March 6, 2012
Each week, Corporate Voices will be highlighting the commitments of its member and partner companies to Summer Jobs Plus, a new Presidential call-to-action for businesses, nonprofits and government to provide pathways to employment for low-income and disconnected youth in the summer of 2012.
Corporate Voices’ partner company, Goodwill Industries International is proud to be one of the first organizations to support the Summer Jobs Plus program. Through Goodwill’s unique social enterprise business model, it creates employment and job training. This year, the organization will expand services for youth at the beginning of their careers. Goodwill is committed to hiring 1,200 youth ages 16-26, provide more than 3,200 youth with life skill services and provide over 2,300 youth with work skills services. Almost 2,000 youth will be engaged in learn and earn services. Thousands more will be provided virtual career mentoring and exploration services.
To learn more about fellow member companies committed to this effort, check out the new section on our website devoted to Summer Jobs Plus! To find out how your company can join this in this effort, build on your existing initiatives and make a commitment, please visit www.dol.gov/summerjobs/employers.htm.
February 23, 2012
For more than a decade, Corporate Voices has provided leading best-practice employers a forum to improve the lives of working families, while strengthening our nation’s economy. Many employers accomplish this by supporting the educational attainment of current and future employees. In order to ensure that individuals have the skills to succeed in the workplace and are on education and career pathways to earning family sustaining wages, employers often partner with community colleges in Learn and Earn models of talent development.
Each week, in an effort to highlight these best practice models, Corporate Voices will spotlight a distinct Learn and Earn partnership between a business and community college. This week, we are pleased to highlight the Western Association of Food Chains (WAFC).
The sole mission of WAFC, an organization representing companies in the retail and wholesale food industry, is to build education depth throughout the food industry. Through its Retail Management Certificate Program, WAFC has partnered with more than 135 community colleges to utilize standard academic course work offered by most community colleges to create an industry recognized certificate. As budget cuts force these community colleges to evaluate resource allocations and expenditures, their food industry partners offer onsite classroom usage within their facilities, supplementing valuable on-campus space. Additionally, employer partners provide adjunct instructors steeped in current learning needs of the industry.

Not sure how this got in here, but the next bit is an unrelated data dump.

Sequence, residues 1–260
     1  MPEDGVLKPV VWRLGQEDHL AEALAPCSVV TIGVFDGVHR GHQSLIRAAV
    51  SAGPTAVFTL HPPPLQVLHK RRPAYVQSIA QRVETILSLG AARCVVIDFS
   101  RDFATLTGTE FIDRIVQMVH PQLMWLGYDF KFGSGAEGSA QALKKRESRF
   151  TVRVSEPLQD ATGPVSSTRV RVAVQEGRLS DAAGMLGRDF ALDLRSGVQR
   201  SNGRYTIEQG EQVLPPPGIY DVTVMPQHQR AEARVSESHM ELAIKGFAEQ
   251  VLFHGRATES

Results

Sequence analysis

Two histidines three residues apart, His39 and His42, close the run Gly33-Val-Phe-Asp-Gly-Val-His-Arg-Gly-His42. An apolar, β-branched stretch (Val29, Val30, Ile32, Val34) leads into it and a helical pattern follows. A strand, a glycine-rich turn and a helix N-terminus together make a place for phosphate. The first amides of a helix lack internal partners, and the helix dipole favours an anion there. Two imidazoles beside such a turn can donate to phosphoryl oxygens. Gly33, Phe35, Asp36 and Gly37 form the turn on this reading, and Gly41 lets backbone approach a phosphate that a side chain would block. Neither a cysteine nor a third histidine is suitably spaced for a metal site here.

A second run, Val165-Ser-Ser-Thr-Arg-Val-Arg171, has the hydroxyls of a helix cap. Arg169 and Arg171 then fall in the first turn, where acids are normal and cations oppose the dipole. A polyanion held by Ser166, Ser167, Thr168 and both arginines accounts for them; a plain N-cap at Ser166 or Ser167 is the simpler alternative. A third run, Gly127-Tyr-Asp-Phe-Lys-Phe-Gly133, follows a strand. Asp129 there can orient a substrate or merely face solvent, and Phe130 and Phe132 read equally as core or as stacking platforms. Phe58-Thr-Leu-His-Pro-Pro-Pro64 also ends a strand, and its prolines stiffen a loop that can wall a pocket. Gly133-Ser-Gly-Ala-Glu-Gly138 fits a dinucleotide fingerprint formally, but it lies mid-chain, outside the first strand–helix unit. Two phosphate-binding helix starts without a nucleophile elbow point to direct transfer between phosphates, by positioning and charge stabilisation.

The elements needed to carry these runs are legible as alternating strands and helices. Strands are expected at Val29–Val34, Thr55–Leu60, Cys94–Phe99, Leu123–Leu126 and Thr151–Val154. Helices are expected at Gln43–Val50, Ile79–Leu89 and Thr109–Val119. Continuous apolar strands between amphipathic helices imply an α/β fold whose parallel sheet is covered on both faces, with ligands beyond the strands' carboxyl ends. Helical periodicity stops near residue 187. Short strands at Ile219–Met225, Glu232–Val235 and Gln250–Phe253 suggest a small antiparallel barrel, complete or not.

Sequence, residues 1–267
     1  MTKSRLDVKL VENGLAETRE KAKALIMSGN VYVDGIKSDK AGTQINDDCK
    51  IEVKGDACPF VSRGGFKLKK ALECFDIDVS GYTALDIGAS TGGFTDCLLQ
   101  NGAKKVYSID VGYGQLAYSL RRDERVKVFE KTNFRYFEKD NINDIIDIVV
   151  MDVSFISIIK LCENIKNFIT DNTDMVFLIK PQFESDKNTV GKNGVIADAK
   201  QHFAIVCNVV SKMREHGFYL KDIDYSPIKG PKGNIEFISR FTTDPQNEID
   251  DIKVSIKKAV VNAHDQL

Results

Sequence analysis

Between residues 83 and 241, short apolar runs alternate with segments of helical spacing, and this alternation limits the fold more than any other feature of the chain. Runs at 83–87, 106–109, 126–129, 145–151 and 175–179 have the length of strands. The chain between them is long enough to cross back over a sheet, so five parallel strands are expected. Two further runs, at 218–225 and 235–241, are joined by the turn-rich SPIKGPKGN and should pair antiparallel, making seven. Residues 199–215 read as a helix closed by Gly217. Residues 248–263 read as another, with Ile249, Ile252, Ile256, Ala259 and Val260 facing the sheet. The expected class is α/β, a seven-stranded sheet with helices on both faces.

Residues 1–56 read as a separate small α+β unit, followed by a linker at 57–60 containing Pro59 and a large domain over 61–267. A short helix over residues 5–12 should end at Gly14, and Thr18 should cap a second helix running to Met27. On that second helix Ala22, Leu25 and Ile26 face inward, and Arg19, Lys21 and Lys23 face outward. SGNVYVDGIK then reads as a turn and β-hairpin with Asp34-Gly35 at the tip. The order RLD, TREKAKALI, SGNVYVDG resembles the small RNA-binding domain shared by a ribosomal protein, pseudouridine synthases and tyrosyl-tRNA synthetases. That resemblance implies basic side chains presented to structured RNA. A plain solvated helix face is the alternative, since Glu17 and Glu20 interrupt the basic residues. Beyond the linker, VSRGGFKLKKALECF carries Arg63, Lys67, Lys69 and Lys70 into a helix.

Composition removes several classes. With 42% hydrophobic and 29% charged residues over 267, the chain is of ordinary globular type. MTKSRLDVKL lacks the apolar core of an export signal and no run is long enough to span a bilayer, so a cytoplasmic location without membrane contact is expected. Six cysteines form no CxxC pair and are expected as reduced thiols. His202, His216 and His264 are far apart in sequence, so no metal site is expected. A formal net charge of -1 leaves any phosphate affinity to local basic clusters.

For more information on WAFC, please read the Learn and Earn micro-business case, or check Corporate Voices’ most recent tool, Business and Community College Partnerships: A Blueprint.
February 22, 2012
Recently, Corporate Voices for Working Families announced its latest publication documenting the important ways in which business leaders and postsecondary educators can collaborate to serve their mutual goals. Business and Community College Partnerships: A Blueprint, offers practical advice, best-practice models, and concrete action steps for business and college leaders who hope to start, sustain, or expand successful community partnerships.
The new blueprint was the topic of lively discussion last month in Miami when the American Association of Community Colleges (AACC) hosted its annual Workforce Development Institute. The event included some 450 workplace experts, employers, policy leaders and government officials from across the nation. Peg Walton, Corporate Voices’ Senior Director of Workforce Readiness, joined them to lead a session on business-community college partnerships, and shared the perspective of Corporate Voices’ partner companies on this important work. The new partnership tool may be found here. For more information on it, or on Corporate Voices’ role at the AACC’s Workforce Development Institute, please contact Peg Walton.